If you are reading this anywhere other than my blog, such as on Facebook or in an email please hop on over to my blog, Plain and Fancy Girl. Only comments left on my blog will be entered into the giveaway.

The deadline for this contest is Saturday, November 9, 2013, at noon. The winner will be chosen using and will be contacted privately via email as well as cited in an announcement in a blog post here next week.

Now it’s your turn!

Make a comment or ask Valerie a question about Amish romance novels or about her other writing.



39 thoughts on “The Thrill of the Chaste: Amish Novel Secrets

  1. I saw where Carolyn won a book and thought I would take a turn! I have seen tv stories about the Amish and the movie, The Witness staring Kelly McGillis. It is truly delightful to read or see something wholesome and without offensive language! I will be waiting for your book, Marian! Judy


    1. Right! You’ve thrown your hat into the ring, and you have as good a chance as anyone to win Valerie’s book. Are you a fan of Amish romance novels? This is a thorough introduction to the genre, actually sub-genre.


  2. Marian, fascinating interview and obviously a well-research book has been written by Valerie. I have a long running fascination with the Mennonites, Amish and others of a similar cultural heritage. And I have read several of the authors Valerie mentioned. Thanks so much for taking the time to interview Valerie.

    Valerie, thank you for joining Marian today for this insightful interview. I’m keeping my fingers crossed that I’m the lucky winner today!


    1. You have a good chance of winning that book too, you the book reviewer extraordinaire! Valerie is quite a scholar as you can see from her well-researched text and her glowing resume.


      1. I am fascinated with research. It was my favorite assignment while working in a law firm — research this or that. I’m looking forward to that aspect of the two historical novels I hope to write after finishing my memoir. I’ll be keeping my fingers crossed for luck!


      1. I would like to win a copy of the book,can you please leave me a message through FB,the name is under Deborah Hoffman…….P.S. my last name was changed in July,you know what that is………Thanks!……P.S.2……I have a 2nd cousin that had a Daughter,now deceased,and her cousins were Amish……I never met her,she died in 2006,age 29.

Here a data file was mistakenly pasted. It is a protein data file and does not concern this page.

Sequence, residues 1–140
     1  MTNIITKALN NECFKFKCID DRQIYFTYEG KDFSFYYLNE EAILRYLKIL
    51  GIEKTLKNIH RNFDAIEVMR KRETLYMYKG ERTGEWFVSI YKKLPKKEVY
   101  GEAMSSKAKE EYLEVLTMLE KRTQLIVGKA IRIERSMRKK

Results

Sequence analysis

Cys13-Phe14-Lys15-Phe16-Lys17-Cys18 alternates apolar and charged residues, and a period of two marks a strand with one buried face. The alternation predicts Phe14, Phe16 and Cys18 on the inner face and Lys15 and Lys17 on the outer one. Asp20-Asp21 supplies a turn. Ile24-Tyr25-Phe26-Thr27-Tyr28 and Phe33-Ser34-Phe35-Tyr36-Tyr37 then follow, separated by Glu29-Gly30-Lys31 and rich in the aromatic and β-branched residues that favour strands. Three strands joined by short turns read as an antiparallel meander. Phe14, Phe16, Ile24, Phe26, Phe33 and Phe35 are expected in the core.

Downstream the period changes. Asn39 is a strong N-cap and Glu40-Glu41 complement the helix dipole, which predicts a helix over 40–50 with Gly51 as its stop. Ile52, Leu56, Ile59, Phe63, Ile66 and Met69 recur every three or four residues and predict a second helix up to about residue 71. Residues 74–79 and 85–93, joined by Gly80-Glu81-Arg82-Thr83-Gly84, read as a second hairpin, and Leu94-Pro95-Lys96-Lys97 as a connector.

3. I especially enjoy hearing how Valerie was supported to write her book, and I would love to read a book that is a combination of fun and scholarly insights.


    1. Dolores, Valerie dubs her book “narrative scholarship” and in my view lives up to its name. Maureen Freely once said of a critical analysis of Willa Cather’s work by Hermione Lee that it is a “rare thing, a scholarly study that reads well.” Valerie has indeed accomplished that rare thing in her book.


      1. Hi Marian,its Debbie,I was wondering where Valerie lives,just give me a general idea,is she from lancaster County?………my Greatgrandfathers youngest sister married a man with the last name of Weaver,she died in August 2007,5 weeks before she would have been 100 years old…….I used to go visit her sometimes,I forget how I got to know her,I know she had a few kids,and had alot of people under her,I will have to look in my relative book,we have the reunions at Landis Homes every 5 years,now I think it is every 3 years,I might have missed the last one,the last time that I went was with my great-aunt,Helen(R) G………but she died in March of 2010,at age 82.Thanks,debbie


        1. Debbie, Valerie lives with her husband and three sons near Mechanicsburg, PA. and attend Slate Hill Mennonite Church, all information included in Valerie’s profile on this blog post.


  4. Enjoyed your interview with Valerie. I have never read an Ammish/Mennonite romance novel, but will definitely add it to my ‘must read’ list.


  5. Just as “white middle-class Americans have been assimilated into mainstream culture largely by losing specific ethnic identities,” (p. 216) so Christianity has been diffused into acceptable “gospel” (p. 59) for today’s society. Is it possible that Amish novels are popular because within at least some of the books, people are actually living out God’s principles? Could it be possible that God is using certain Amish stories to bring people to see their lives as utterly meaningless without Jesus, and the enabling power of His Spirit, which is the only gospel worth spreading?

    Thanks for this opportunity to win Thrill of the Chaste.


    1. It is obvious you have an intimate knowledge of Valerie’s book with her specific reference to Susan Trollinger’s research. And you ask probing questions as well. I would like to think one answer to both questions is “Yes, it is possible. . . .”

      Thank you for stopping by–and welcome! And yes, you are certainly entered into the contest.


  6. I look forward to reading this book. There’s a large Inspirational Fiction section at the library where I work, and while I’ve shelved hundreds of these books, I have to confess I haven’t actually READ one yet. Maybe the insights in The Thrill of the Chaste will help me appreciate the Inspirational section and get motivated to read some of it.